5 vegetables that become more useful after cooking

The main rule of healthy nutrition is to consume as many as possible:

  • Fresh vegetables
  • Protein
  • Healthy fats

While everything is more or less clear with the second point (poultry, legumes and dairy products) and the third point (fatty fish, avocado, vegetable oils), the first one is not as obvious, as it seems.

Most people believe that vegetables are good in any form. Did you know that some vegetables become much more useful after they were cooked? If not, then this article is especially for you.

“Folk wisdom says that processed (that is, cooked) vegetables contain less nutrients than fresh ones do. But this is not always true,”

says Consumer Reports nutritionist Amy Keating.

“A number of nutrients in vegetables and fruits are blocked at the cell level, and high temperatures help to release them.”

Below, you will find five vegetables, which are better to cook before eating.

CARROT

Cooking process activates carotenoids, which, according to experiments in mice, can prevent cancer. A study held in 2008 and published in the Journal of Agricultural Food Chemistry showed that the level of carotenoids is 14% higher in cooked carrots than that in fresh carrots.

Not the most attractive option? Then don’t forget about frying, which, according to the same study, increases the content of carotenoids by 13%.

CARROT

Tip:

To get the most benefit, cook whole carrots, postponing their slicing for a later time. This will allow you to keep as much nutrients as possible inside it, instead of “enriching” water with them.

SPINACH

Not the most popular for many people, yet extremely useful spinach is literally stuffed with nutrients (especially – calcium and iron). Keep in mind that you should obligatory cook it, because spinach also contains oxalic acid, which blocks the absorption of iron in our body, calcium and other useful elements.

Fortunately, the acid can be destroyed by heating. Studies show that spinach preserves its nutritional properties best, if it is immersed in boiling water for a minute and then into cold water to preserve its attractive appearance.

SPINACH

Tip:

Cook a lot of spinach at once, drain the water and store it in the freezer – this will make it easier to add the vegetable to the dishes, whether it is a vegetable stew, soup or omelet.

MUSHROOMS

Compared to 200 grams of fresh mushrooms, 200 grams of cooked ceps contain almost twice as much:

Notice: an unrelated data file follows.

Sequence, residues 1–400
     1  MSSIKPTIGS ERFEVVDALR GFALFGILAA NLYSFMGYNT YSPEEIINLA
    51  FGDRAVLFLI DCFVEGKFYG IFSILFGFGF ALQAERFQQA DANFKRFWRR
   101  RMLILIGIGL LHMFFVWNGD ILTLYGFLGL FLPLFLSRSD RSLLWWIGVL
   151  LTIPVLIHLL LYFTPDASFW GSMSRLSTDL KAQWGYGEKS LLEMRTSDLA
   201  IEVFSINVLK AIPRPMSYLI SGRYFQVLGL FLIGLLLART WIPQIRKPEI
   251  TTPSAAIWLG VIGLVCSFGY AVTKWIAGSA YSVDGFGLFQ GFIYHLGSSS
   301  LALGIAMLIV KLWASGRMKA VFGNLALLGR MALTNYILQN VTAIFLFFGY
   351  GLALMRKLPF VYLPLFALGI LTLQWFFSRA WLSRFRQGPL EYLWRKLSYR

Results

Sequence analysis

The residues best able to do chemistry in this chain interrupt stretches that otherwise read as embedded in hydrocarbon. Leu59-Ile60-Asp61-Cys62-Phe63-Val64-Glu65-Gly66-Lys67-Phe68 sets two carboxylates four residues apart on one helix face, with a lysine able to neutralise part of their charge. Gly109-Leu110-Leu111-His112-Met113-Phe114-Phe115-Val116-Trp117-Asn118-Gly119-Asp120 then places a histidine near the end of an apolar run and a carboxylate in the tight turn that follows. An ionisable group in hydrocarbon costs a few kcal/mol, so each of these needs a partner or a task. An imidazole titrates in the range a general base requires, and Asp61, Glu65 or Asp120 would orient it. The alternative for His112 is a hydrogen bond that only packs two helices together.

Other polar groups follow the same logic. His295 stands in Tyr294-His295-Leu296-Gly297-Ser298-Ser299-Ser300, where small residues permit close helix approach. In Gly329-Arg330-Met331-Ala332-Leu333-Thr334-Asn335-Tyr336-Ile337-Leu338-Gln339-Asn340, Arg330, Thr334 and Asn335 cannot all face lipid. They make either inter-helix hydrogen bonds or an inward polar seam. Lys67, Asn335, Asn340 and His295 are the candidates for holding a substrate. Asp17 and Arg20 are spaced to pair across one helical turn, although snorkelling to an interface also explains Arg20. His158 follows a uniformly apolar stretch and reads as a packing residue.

• potassium (for strong muscles),
  • niacin (for the heart and vessels),
  • zinc (for the immunity),
  • magnesium (for the bone tissue).

MUSHROOMS

At least, this fact is responsibly declared by the US Department of Agriculture, based on the data of their own research. In addition, keep in mind that even edible mushrooms can contain a small amount of toxins that are easily destroyed by roasting.

Tip:

Cook the mushrooms with garlic and thyme sprigs to reveal the taste, and avoid adding too much oil, since the mushrooms act like a sponge, instantly absorbing everything that you pour into the frying pan.And, of course, do not forget about one of the healthiest ways to cook mushrooms – using a microwave.

ASPARAGUS

The study, published by the International Journal of Food Science & Technology, showed that cooking asparagus increases the level of six nutrients, including antioxidants with anti-cancer properties, immediately by 16%.

Another study, already in the International Journal of Molecular Sciences, found out that cooking asparagus doubles the content of two types of phenolic acid, which scientists believe to reduce the risk of cancer.

ASPARAGUS

Tip:

Immerse the asparagus in boiling water and cook until it is bright green, and serve – sprinkling with lemon juice and a small amount of olive oil (fats will help antioxidants assimilate better).

TOMATOES

When it comes to the tomatoes, it doesn’t matter which cooking method you choose:

  • frying,
  • boiling,
  • baking.

TOMATOES

Exposure to heat increases the content of lycopene. We remind you that this carotenoid pigment is associated with lower rates of cancer and cardiovascular diseases.

According to a study of 2002, heating tomatoes for 30 minutes at a temperature of about 87 degrees increases the amount of lycopene in them by 35%.

Even though exposure to heat reduces the content of vitamin C in vegetables, the same study showed that its activity is increased by 62%. Not bad, huh?

Tip:

If you want to make a classic vegetable salad, do not be lazy and keep the tomatoes in a preheated oven a couple of minutes.It does not affect the taste, yet it will significantly increase the benefits and flavor of the dish (let the cucumbers be responsible for the crunch).